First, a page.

It’s certainly a different way of making clothes. “It’s harder,” laughs Kloves. “You have these irregularities, times when you don’t know exactly how it’s going to turn out. It’s an added element to think about but it’s more interesting. It has its own life and you give it a new life and put your own stamp onto it.” Dauriz agrees: “We have a studio in Genoa where we do repair and customisation. But sometimes, when it’s not possible to do a minor change, it might be worth upcycling totally. Because our aim is to completely minimise waste, we create completely new garments from old garments we cannot sell - instead of throwing them away.”
The fashion platform Display Copy showcases upcycled and vintage clothing (Credit: Display Copy)
All this talk of recycling and upcycling and using old clothes in new ways: fast fashion brands must be shaking in their shoes because the whiff of rebellion is very definitely in the air. New York-based creative director Brynn Hemingway has collaborated with many brands; earlier this year, she launched Display Copy, a new fashion platform dedicated to showcasing and elevating upcycled and vintage fashion. “[Vintage] is Gen Z’s creative expression to find things outside the traditional fashion system and make it their own,” she says. “I was watching the documentary River Blue and it’s heartbreaking. And every time they flashed to a Gap window, my campaign was there. I can’t change the world but I can change the conversation with my community. Display Copy came out of that personal struggle.”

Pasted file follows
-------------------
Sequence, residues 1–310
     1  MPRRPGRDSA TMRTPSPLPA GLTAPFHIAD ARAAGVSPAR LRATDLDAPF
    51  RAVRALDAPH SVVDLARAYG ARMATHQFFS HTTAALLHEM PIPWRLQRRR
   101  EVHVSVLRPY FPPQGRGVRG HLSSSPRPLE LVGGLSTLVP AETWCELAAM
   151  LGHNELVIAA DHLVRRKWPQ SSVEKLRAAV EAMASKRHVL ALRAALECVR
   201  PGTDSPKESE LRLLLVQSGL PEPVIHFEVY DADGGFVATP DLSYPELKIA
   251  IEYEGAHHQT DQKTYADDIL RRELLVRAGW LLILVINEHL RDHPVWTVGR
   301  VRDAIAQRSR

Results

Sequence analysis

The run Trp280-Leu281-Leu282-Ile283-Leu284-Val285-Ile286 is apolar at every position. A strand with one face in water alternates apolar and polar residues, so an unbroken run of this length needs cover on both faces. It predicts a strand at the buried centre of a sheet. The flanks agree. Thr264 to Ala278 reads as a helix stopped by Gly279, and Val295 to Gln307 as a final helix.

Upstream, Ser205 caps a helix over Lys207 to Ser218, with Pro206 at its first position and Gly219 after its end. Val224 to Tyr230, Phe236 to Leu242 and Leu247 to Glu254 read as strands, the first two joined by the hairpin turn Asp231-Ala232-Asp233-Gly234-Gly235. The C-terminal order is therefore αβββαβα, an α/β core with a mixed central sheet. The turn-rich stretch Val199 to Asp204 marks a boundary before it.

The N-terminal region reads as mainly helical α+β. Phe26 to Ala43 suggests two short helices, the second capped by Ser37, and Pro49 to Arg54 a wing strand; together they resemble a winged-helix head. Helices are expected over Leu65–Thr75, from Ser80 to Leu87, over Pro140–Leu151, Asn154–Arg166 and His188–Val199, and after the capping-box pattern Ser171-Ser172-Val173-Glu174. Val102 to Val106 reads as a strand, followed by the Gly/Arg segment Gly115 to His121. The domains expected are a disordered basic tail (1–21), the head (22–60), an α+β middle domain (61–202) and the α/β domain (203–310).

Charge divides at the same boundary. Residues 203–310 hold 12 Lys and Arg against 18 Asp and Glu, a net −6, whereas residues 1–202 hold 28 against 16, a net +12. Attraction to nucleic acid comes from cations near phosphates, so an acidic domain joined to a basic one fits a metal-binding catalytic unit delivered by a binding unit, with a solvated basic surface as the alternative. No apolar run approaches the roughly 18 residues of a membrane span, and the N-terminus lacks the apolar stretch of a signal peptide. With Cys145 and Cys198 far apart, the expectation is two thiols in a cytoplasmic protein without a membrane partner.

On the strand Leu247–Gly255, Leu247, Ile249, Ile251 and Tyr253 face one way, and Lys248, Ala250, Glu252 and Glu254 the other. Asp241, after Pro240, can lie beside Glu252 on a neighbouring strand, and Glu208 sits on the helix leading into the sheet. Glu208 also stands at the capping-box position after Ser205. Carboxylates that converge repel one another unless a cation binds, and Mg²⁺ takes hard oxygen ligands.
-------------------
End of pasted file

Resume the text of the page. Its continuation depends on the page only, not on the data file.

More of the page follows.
“My hope is that vintage becomes the new luxury and thrift becomes the new streetwear. For the sake of the planet, it has to be that way,” she continues. “Fashion is how we signal our intent,” adds former Vogue.com editor-in-chief and founder of Designer Jumble Abigail Chisman. “[By buying vintage], you display your understanding of the current political climate. And through craft, we’re saying that recycling isn’t enough. We need not to be throwing things away. And where once mending represented necessity, now it represents skills. Right now, there’s a really meaningful need for change. It’s not even a fashion thing. It’s a must.”
Released from the hegemony of trends and the endless march of the high street, buying clothes becomes a source of joy and real creativity, she adds. “I don’t get people coming into my shop and saying, ‘I gather plaid is in’. Now, people come in and see what they like. It’s liberating. A client, a girl of 20, came in and bought herself the most beautiful pair of Claude Montana butter soft leather culottes. And her mum said: ‘Your friends aren’t going to get those.’ And she turned around and said: ‘And?’ That’s where the magic happens. We’re seeing a return to individuality.”
The regeneration of vintage fashion has led to a surge in individuality and originality (Credit: Display Copy)
All of this comes as no surprise for Herbie Mensah, a longtime Portobello stallholder like Frank Akinsete and a dab hand at up-cycling vintage. He too has high-profile names nipping across his doorstep, looking for inspiration. “I go to a lot of charity shops and it’s mad. There’s stuff from ASOS, Primark and a lot of it is hardly worn. I’m thinking, why do people buy stuff for the sake of buying it and then simply discard it? I rarely buy new and now, during lockdown, I have a whole new clientele – because people want to save money, and find something well made and original. And a lot more of the younger generation are coming in too. What do I think about that? Fair play to them.”